Last modified: Tuesday, August 10, 2010
IU partnership prepares more teachers for project-based learning in math and science
Two summer workshops continue "Math Matters," start "Molecules Matter"
FOR IMMEDIATE RELEASE
August 10, 2010
BLOOMINGTON, Ind. -- Area science and math teachers are heading into classes this month with a better handle on project-based learning (PBL) thanks to an expanded partnership of Indiana University and business, community and education leaders.
For the second straight year, mathematics teachers from across several counties in southern Indiana learned about applying PBL during "Math Matters," which concluded last month after a 10-day session at Columbus' Central Middle School. This year, a new workshop held on the IU Bloomington campus called "Molecules Matter" included a workshop for science teachers to develop PBL lesson plans.
Catherine Brown, professor of mathematics education at the IU School of Education, developed Math Matters with the support of "Economic Opportunities through Education by 2015," or EcO15 -- an initiative of business, education and community leaders to advance K-12 education in a 10-county area in southeastern Indiana. EcO15 covers Bartholomew, Dearborn, Decatur, Jackson, Jefferson, Jennings, Ohio, Ripley, Franklin and Switzerland counties.
After a successful program last summer, Brown connected with Jill Robinson, senior lecturer in the IU Department of Chemistry in the College of Arts and Sciences to create Molecules Matter, funded by a grant from the Indiana Commission of Higher Education. The additional funding allowed Monroe County teachers to also attend the workshops.
"We thought it was a natural extension to bring project-based learning into the sciences as well," Robinson said. Robinson has worked with teachers on professional development programs including workshops to strengthen chemistry content knowledge, campus visits for teachers and students to experience cutting-edge facilities, as well as partnerships with schools.
The Molecules Matter sessions focused on nanoscience, the study of the phenomena and manipulation of materials at a very small or "nano" scale. The concept is very important for modern science applications in business development. "Nanoscience and the combination with project-based learning is something that many teachers would be interested in and could really charge up their classrooms," Robinson said.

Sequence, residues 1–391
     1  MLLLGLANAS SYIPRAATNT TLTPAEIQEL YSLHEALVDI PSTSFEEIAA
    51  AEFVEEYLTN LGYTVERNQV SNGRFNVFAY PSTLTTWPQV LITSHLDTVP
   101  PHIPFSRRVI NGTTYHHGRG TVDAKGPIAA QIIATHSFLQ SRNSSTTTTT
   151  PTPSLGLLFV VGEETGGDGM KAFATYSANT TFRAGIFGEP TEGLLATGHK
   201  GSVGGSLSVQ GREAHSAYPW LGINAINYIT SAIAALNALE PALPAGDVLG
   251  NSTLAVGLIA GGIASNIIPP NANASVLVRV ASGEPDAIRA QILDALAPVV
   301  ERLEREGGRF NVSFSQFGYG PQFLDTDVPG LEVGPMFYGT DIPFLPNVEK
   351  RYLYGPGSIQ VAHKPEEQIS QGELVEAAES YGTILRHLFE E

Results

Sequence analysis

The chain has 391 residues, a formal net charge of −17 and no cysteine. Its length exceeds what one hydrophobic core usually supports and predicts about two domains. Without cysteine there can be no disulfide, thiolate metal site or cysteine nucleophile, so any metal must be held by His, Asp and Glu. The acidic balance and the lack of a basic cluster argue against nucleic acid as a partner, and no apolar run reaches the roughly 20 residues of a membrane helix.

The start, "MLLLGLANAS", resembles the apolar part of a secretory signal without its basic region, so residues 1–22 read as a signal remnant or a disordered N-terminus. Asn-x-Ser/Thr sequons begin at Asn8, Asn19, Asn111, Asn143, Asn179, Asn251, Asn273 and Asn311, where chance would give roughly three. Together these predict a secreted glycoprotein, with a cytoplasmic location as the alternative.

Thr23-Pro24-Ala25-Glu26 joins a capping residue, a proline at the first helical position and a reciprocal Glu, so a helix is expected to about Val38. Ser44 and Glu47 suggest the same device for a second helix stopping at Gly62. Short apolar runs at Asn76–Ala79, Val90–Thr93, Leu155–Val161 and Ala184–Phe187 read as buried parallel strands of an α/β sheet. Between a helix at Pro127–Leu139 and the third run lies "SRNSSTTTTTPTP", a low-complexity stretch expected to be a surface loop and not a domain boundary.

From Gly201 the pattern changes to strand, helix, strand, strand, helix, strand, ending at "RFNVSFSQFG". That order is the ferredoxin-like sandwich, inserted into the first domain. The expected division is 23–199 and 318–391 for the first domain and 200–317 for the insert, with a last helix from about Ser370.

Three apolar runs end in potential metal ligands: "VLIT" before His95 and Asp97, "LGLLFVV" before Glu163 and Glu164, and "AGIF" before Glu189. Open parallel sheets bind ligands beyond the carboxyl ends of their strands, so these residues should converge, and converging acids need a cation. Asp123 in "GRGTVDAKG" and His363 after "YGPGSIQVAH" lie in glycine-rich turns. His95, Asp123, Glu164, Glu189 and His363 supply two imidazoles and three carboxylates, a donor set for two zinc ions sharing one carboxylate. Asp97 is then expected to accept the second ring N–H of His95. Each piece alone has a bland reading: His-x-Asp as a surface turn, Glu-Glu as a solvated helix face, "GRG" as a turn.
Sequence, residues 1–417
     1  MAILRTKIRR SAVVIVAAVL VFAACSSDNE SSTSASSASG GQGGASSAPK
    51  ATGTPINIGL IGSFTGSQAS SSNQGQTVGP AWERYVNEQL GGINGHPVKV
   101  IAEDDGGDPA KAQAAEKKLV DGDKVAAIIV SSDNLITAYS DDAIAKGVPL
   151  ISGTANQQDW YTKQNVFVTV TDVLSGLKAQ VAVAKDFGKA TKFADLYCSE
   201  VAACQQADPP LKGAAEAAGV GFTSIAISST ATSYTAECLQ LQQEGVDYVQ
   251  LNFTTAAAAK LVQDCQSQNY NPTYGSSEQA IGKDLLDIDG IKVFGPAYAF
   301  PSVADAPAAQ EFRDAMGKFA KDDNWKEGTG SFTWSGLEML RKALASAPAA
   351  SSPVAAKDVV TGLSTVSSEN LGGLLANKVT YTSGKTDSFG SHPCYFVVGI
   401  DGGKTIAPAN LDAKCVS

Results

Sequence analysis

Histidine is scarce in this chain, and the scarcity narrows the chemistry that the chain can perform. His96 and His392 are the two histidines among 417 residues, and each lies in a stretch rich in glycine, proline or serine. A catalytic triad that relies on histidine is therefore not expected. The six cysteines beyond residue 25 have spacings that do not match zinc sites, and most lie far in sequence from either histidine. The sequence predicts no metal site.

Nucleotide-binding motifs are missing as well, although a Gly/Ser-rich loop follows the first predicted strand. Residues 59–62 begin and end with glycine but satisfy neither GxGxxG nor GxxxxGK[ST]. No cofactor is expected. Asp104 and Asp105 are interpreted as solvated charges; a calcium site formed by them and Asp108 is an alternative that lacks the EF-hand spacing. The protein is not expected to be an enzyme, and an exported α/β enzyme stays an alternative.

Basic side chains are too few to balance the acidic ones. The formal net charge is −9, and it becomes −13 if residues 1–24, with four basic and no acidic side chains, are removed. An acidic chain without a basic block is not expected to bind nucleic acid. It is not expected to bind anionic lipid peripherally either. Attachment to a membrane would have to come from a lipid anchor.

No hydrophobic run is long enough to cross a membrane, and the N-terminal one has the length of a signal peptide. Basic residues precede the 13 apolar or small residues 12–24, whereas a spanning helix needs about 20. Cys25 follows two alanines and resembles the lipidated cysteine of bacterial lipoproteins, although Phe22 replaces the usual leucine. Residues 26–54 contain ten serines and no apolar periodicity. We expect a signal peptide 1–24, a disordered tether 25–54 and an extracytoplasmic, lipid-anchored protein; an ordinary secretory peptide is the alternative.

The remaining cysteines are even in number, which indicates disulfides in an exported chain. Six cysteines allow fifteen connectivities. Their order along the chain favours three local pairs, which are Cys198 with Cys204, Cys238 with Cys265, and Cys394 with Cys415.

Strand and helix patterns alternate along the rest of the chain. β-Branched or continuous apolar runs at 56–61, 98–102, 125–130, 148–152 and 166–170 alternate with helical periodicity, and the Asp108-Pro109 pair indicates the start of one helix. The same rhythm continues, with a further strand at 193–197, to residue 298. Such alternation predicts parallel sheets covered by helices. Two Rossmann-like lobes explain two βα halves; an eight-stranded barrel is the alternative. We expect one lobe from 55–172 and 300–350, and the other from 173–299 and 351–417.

With both Math Matters and Molecules Matter, teachers participated in 10 full days of sessions to learn PBL techniques from other teachers and IU faculty and staff. "At the end, they have not only their own project that they can use in their curriculum next year, but they've heard about a number of other projects that other teachers here have created, and they could be comfortable adapting to their own classroom setting," said Brown.
"The EcO15 group has seen the benefits of teachers being engaged in project-based learning, and they've seen the connection that the community has made to the schools." she also said.
EcO15 facilitator Bob Abrams noted the community partnerships that develop between teachers, students and businesses as a primary benefit of the PBL model. "We look at project-based learning as having a very important role to play in every state of education from K-12 through postsecondary," Abrams said, "particularly in regard to the STEM (science, technology, engineering and mathematics) courses, which are key to the employers in our region."
Robinson said one important aspect of PBL in science is to help spark an interest for students who might not consider such a career otherwise. "We surveyed a class at Columbus Signature Academy New Tech High School last year," she said. "Before they did their nanoscience project, about 30 percent were interested in pursuing a STEM college degree and just after a two-week project it was up to 60 percent interested in pursuing that in the future."
Attendance for Math Matters increased 50 percent this year, with many of the teachers who participated in 2009 returning to further develop their lesson plans. More than half of the 71 participating teachers were from elementary grades. Many were getting their first exposure to PBL.
"Projects kind of scared me in the past because of their lack of structure," said Kevin Gill, math and social studies teacher at Edgewood Junior High School in Ellettsville. "But this really does have a lot of structure built into it. You've got the standards to support it, and you've got a bunch of different scaffolding (techniques to support teaching a new concept) you've created to make the project work, but also to make it effective."
Fourteen teachers from Bartholomew, Jefferson, Monroe and Switzerland counties participated in Molecules Matter. Workshop instructor and Columbus Signature Academy chemistry teacher Anna Kinsella emphasized the importance of the community partner aspect as a motivator for students. "The students really want to do this real-world task," Kinsella said. "They want to work with the business professionals, they want to impress the biomedical engineer who's coming in three weeks to hear the presentation a lot more than they might want to impress their teacher."
Brown said plans for at least two more years of the programs are underway, with the goal being to develop a core of seasoned PBL teachers in the participating school corporations. "The expectation will be that if somebody new comes into that building or school corporation and doesn't know project-based learning, they will work with their colleagues to develop their expertise," she said. "So this project-based use is sustainable in the school corporations that we're working with."
The teachers talk about their projects and organizers discuss the value of PBL in this short video that takes you inside the two workshops.